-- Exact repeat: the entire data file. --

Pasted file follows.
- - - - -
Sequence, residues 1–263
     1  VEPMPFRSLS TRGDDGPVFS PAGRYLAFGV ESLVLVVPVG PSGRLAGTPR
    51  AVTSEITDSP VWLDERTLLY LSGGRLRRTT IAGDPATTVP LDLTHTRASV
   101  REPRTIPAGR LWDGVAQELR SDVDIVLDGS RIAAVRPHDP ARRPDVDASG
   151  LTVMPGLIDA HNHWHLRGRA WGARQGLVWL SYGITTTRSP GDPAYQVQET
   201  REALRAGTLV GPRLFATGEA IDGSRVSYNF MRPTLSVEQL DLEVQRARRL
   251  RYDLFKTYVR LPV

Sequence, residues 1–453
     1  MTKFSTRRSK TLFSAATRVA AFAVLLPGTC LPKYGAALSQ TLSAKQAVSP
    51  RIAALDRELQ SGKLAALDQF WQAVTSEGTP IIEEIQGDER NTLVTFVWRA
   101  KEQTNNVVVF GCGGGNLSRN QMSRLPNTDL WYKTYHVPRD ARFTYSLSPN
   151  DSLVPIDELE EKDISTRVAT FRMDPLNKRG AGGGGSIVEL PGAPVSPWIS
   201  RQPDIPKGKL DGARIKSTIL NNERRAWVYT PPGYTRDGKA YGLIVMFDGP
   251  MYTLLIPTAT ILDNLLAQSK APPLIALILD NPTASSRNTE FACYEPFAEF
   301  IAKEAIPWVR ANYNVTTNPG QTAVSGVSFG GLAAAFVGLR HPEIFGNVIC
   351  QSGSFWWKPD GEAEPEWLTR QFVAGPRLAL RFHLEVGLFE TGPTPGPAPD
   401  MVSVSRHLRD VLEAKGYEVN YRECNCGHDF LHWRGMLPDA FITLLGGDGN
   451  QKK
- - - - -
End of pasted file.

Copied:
Sequence, residues 1–263
     1  VEPMPFRSLS TRGDDGPVFS PAGRYLAFGV ESLVLVVPVG PSGRLAGTPR
    51  AVTSEITDSP VWLDERTLLY LSGGRLRRTT IAGDPATTVP LDLTHTRASV
   101  REPRTIPAGR LWDGVAQELR SDVDIVLDGS RIAAVRPHDP ARRPDVDASG
   151  LTVMPGLIDA HNHWHLRGRA WGARQGLVWL SYGITTTRSP GDPAYQVQET
   201  REALRAGTLV GPRLFATGEA IDGSRVSYNF MRPTLSVEQL DLEVQRARRL
   251  RYDLFKTYVR LPV

Sequence, residues 1–453
     1  MTKFSTRRSK TLFSAATRVA AFAVLLPGTC LPKYGAALSQ TLSAKQAVSP
    51  RIAALDRELQ SGKLAALDQF WQAVTSEGTP IIEEIQGDER NTLVTFVWRA
   101  KEQTNNVVVF GCGGGNLSRN QMSRLPNTDL WYKTYHVPRD ARFTYSLSPN
   151  DSLVPIDELE EKDISTRVAT FRMDPLNKRG AGGGGSIVEL PGAPVSPWIS
   201  RQPDIPKGKL DGARIKSTIL NNERRAWVYT PPGYTRDGKA YGLIVMFDGP
   251  MYTLLIPTAT ILDNLLAQSK APPLIALILD NPTASSRNTE FACYEPFAEF
   301  IAKEAIPWVR ANYNVTTNPG QTAVSGVSFG GLAAAFVGLR HPEIFGNVIC
   351  QSGSFWWKPD GEAEPEWLTR QFVAGPRLAL RFHLEVGLFE TGPTPGPAPD
   401  MVSVSRHLRD VLEAKGYEVN YRECNCGHDF LHWRGMLPDA FITLLGGDGN
   451  QKK